Thirst / Varsha Bajaj.
- ISBN: 9780593354391 :
- ISBN: 0593354397 :
- Physical Description: 179 pages ; 22 cm
- Publisher: New York : Nancy Paulsen Books, 
"A heroic girl in Mumbai fights for her belief that water should be for everyone"-- Provided by publisher.
|Target Audience Note:||
Ages 10 Nancy Paulsen Books
Grades 4-6 Nancy Paulsen Books
Search for related items by subject
|Subject:||Water security > India > Mumbai.
Mumbai (India) > Fiction.
- 2 of 2 copies available at Town of Hanover Libraries.
- 0 current holds with 2 total copies.
Publishers Weekly Review
(c) Copyright PWxyz, LLC. All rights reserved
A 12-year-old investigates water stolen from her Mumbai neighborhood in this clear look at resource access and wealth disparity. Minni and her brother Sanjay live with their affectionate parents in a small, laughter-filled home crammed alongside other residences. Authorities severely limit water to the low-income neighborhood's local tap, and when a fight at the tap hits close to home, Minni wonders what she can do to mitigate her community's water crisis. Things take a turn for the worse after she, her brother, and their friends inadvertently witness water being stolen, and Sanjay and another friend are soon sent away to avoid potential retaliation by the culprits. When their mother becomes ill, and Minni takes her place working as a servant at a wealthy Mumbai apartment building, she sees firsthand the difference that privilege makes in garnering basic necessities ("Money, not prayers, makes the water flow")--and is surprised to learn more about the local water-related injustice. Aptly describing variations between rich and the poor and alternating Minni's first-person telling with the child's observant journal entries, Bajaj (Count Me In) writes an engaging literary mystery. Ages 10--up. Agent: Caryn Wiseman, Andrea Brown Literary. (July)
School Library Journal Review
School Library Journal
(c) Copyright Library Journals LLC, a wholly owned subsidiary of Media Source, Inc. No redistribution permitted.
Gr 3--6--Twelve-year-old Minni and her older brother Sanjay might live in a poor neighborhood in India, but they have big dreams: to finish school, get good jobs, and maybe live in one of the tall buildings where water runs from the taps. One night, Sanjay and his friend witness the "water mafia" stealing water from the community tap in a tanker truck, and Minni's world changes overnight. Sanjay and his friend must leave town for their own safety. Minni's mother, recently ill, leaves to recover in the countryside. Minni must take over her mother's maid work and household duties until she can return, while balancing school and a new computer coding class at the community center. Despite the title, the story largely focuses on Minni's internal thirst--for her family to be reunited, for knowledge, for opportunity, for fair treatment--rather than the water thieves. This part of the story is the strongest. Minni is a likable narrator, and readers will connect with her dreams and courage in the face of unfair treatment. The book also serves as a window into class difference. For example, Minni's job includes cleaning the bathroom for a girl her age and discovering that the room is bigger than her family's entire apartment. The water thieves plot is resolved too easily, but that doesn't diminish the impact of the book's message. One death occurs off-page, and Minni fears it is related to the water mafia, but details are never fully revealed. VERDICT A meditative first purchase for middle grade collections.--Lindsay Loup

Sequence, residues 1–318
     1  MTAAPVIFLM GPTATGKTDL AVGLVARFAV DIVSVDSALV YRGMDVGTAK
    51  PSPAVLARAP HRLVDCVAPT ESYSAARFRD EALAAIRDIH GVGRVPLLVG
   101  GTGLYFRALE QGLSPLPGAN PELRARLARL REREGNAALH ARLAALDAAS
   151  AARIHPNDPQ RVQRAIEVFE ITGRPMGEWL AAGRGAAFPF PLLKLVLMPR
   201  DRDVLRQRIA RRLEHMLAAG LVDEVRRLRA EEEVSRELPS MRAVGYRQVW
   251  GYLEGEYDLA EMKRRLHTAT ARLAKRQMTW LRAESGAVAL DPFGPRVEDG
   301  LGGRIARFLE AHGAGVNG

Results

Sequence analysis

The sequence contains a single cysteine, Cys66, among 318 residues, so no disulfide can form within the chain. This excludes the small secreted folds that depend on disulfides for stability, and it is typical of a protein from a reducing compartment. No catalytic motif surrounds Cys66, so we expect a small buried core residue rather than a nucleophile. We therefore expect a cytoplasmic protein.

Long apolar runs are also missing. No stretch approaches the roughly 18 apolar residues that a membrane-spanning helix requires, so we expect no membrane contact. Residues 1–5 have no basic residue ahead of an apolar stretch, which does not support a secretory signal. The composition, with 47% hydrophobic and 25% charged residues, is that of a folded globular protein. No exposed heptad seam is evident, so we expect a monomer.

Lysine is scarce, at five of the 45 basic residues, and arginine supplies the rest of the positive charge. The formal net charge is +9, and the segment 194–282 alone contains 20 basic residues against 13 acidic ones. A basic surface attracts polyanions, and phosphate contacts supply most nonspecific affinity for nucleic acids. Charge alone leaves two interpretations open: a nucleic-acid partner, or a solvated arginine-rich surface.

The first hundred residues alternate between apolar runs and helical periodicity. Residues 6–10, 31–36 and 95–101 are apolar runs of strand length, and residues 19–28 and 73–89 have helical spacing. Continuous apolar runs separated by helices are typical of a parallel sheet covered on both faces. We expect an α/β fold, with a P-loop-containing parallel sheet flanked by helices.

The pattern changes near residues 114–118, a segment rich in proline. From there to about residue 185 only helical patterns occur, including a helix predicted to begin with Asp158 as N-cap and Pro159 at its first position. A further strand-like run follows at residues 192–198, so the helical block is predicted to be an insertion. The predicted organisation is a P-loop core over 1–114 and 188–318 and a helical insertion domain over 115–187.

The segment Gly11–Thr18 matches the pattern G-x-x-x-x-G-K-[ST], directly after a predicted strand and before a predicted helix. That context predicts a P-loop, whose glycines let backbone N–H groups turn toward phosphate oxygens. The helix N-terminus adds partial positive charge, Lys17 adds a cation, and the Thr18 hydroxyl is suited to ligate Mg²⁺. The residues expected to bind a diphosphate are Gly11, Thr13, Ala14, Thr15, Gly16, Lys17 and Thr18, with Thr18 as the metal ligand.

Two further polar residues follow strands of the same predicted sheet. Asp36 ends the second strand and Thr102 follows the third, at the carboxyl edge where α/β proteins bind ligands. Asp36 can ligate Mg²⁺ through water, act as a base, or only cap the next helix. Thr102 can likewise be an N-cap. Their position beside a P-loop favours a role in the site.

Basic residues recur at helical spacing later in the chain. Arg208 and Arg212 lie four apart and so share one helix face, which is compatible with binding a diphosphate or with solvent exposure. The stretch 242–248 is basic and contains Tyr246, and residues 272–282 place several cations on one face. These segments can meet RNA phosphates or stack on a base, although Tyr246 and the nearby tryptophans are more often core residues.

The Horn Book Review
The Horn Book
(c) Copyright The Horn Book, Inc., a wholly owned subsidiary of Media Source, Inc. No redistribution permitted.